Dawn M. Richardson, Dr.P.H., M.P.H.email@example.com
Dawn Richardson is a Kellogg Health Scholar in the Community Track at the University of Michigan, Ann Arbor. Prior to her current position, Dawn attended the University of California, Berkeley, where she earned a Dr.P.H. in May 2010. She also holds an M.P.H. from Tulane University School of Public Health and Tropical Medicine (2002), and a B.S. in Psychology from the University of Tennessee, Chattanooga (1999).
Research Interests and Projects
Richardson’s research focuses on the intersection of place and health, specifically looking at how neighborhood characteristics (e.g., race-based segregation, opportunity structures) contribute to health disparities among urban youth. She is particularly interested in the use of spatial and visual methodologies to capture the social, economic, and environmental neighborhood factors that impact health with the aim of developing place-based interventions in response. One example of Richardson’s use of visual methods is her dissertation research, which utilized photo-ethnography with Mexican-American young women to investigate which characteristics of neighborhood context are important and may influence sexual risk behavior and early childbearing among this group. This study identified specific aspects of the neighborhood environment- including the experience of discrimination, the presence of gang activity, and limited opportunities for upward mobility- that are salient in the lives of participants and may contribute to risk for early child bearing among this population.
As a Kellogg Health Scholar, Richardson is advancing her research by further examining the impact of neighborhood characteristics on the health of youth utilizing a community-based participatory research (CBPR) approach. She is a Co-Investigator of a research project examining how the sexual geographies of youth create and sustain sexual risk and vulnerabilities, and she is coordinating the Photovoice component of this study. Additionally, she is working closely with the Healthy Environments Partnership (HEP), a CBPR partnership based in Detroit, on a number of projects examining how neighborhood-level characteristics influence cardiovascular risk. Through this work, Richardson aims to learn how CBPR can be applied to the development of structural interventions and motivate policy change in order to reduce health inequities via fundamental change at the neighborhood level and beyond.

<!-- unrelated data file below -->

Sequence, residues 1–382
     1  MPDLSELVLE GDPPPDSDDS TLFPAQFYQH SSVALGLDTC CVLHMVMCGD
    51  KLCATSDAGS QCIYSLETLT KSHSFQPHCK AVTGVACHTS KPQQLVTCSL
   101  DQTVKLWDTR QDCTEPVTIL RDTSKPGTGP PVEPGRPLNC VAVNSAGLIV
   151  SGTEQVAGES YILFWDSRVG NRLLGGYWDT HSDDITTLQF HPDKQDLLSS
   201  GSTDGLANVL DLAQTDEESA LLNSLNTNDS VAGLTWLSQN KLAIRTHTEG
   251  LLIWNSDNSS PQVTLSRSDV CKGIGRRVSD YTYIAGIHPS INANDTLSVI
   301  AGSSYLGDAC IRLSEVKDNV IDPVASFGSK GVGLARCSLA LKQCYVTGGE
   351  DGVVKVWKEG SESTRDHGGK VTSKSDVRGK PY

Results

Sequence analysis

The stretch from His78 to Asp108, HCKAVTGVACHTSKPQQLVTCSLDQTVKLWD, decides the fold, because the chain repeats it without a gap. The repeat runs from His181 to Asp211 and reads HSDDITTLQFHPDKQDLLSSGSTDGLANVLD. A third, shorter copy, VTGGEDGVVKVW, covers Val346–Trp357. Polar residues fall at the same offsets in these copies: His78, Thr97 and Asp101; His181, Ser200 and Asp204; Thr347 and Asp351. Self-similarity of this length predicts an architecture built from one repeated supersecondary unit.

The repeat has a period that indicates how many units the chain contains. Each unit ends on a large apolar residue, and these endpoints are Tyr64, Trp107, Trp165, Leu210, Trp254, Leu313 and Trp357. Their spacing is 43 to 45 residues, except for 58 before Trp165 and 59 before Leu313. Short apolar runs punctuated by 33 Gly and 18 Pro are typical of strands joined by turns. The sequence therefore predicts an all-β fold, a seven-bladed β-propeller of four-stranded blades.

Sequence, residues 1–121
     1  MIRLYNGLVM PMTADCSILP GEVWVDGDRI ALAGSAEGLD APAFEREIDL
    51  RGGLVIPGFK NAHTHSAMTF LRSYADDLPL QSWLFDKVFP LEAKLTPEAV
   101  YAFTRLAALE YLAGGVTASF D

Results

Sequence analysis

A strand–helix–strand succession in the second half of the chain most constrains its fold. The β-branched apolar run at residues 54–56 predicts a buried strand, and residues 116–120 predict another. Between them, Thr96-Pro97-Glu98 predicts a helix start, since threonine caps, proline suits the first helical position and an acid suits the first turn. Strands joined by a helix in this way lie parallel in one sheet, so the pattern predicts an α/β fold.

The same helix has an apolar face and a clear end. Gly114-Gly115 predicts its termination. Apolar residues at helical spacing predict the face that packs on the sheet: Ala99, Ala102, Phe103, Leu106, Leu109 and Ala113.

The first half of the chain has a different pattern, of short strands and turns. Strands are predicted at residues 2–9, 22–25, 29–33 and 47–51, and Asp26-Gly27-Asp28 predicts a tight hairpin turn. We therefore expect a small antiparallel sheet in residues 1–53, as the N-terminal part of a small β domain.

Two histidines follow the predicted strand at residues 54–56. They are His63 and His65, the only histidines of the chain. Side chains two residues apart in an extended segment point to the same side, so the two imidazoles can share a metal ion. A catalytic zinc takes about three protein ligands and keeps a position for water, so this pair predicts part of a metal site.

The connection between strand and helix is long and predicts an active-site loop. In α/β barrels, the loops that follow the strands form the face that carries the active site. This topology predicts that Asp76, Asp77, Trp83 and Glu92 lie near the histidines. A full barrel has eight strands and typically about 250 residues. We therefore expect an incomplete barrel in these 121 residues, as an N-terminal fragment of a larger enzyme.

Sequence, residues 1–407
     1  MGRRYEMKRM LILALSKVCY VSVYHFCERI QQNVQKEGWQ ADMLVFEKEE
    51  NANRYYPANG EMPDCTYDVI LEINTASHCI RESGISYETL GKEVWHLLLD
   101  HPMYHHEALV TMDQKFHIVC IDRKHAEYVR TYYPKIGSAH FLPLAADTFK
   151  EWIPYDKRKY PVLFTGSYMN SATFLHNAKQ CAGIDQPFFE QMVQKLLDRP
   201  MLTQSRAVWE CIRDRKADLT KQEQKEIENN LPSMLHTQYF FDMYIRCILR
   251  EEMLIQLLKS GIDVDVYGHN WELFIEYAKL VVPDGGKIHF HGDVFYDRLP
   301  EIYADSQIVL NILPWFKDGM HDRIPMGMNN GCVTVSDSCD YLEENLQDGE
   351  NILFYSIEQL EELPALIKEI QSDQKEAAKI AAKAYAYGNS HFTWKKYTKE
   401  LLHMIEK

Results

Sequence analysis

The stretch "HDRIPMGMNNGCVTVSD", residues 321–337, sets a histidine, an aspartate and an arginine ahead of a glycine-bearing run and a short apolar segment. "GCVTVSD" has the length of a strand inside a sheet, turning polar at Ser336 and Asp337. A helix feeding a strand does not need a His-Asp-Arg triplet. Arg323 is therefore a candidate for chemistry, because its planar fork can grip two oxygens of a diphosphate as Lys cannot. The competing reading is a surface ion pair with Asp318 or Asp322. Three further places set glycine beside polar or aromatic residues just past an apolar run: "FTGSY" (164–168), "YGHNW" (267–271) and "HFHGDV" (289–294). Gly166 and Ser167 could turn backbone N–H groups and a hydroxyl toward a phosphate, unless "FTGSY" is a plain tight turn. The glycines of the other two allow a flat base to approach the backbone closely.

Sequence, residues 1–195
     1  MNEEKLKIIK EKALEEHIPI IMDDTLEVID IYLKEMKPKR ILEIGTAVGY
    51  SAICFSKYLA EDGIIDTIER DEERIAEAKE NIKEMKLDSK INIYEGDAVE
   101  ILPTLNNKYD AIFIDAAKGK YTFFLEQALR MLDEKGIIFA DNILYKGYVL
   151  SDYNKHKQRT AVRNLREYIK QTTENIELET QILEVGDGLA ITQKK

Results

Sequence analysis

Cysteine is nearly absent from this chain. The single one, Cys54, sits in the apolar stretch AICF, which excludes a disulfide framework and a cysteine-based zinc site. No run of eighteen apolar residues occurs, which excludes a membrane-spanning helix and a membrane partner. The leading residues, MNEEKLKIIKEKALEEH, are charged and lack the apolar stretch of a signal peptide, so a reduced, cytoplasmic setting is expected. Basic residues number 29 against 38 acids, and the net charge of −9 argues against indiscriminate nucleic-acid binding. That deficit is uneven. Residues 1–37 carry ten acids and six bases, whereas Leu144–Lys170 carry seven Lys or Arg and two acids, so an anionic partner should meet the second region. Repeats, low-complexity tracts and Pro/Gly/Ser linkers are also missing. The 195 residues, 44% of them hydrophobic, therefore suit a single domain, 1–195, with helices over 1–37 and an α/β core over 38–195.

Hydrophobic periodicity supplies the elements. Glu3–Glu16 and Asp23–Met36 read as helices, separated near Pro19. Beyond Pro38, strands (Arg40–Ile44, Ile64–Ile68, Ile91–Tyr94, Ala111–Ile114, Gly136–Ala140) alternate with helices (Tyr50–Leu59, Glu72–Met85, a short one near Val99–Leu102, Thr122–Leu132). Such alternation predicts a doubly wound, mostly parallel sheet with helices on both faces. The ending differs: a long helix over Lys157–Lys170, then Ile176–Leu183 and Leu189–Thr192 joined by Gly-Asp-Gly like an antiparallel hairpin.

Dawn comes to research with a background in community-based public health interventions. She began her career in HIV prevention working predominantly with youth of color in Southeast Tennessee. Over the course of her graduate studies, Dawn continued her work in adolescent health and has been involved in several youth-focused research projects, including work on a qualitative study investigating the experiences young people have had with reproductive health services throughout California.
Contact Information: firstname.lastname@example.org
Richardson, D.M, Nuru-Jeter, A.M. (In Press). Neighborhood Contexts Experienced by Mexican-American Young Women: Enhancing Our Understanding of Risk for Early Childbearing. Journal of Urban Health.
Neuhauser, L., Richardson, D., Mackenzie, S., & Minkler, M. (2007). Advancing transdisciplinary and translational research practice: Issues and models of doctoral education in public health. Journal of Research Practice, 3(2), Article M19.
Richardson, D.M., Nuru-Jeter, A.M. Considering Acculturation in Context: A Systematic Literature Review and Theoretical Critique of Acculturation and Early Childbearing in Mexican-American Adolescents. Submitted to Social Sciences & Medicine.
Richardson, D.M., Nuru-Jeter, A.M. In Their Voices: Mexican American Young Women Explain Why Neighborhoods Matter for Early Childbearing. Manuscript in preparation.
Nuru-Jeter, A.M., Fuller-Thompson, E., Richardson, D.M., Minkler, M., & Guralick, J.M. The Hispanic Paradox and Older Adults’ Disabilities: What Role is Played by the Healthy Migrant Effect? Manuscript in preparation.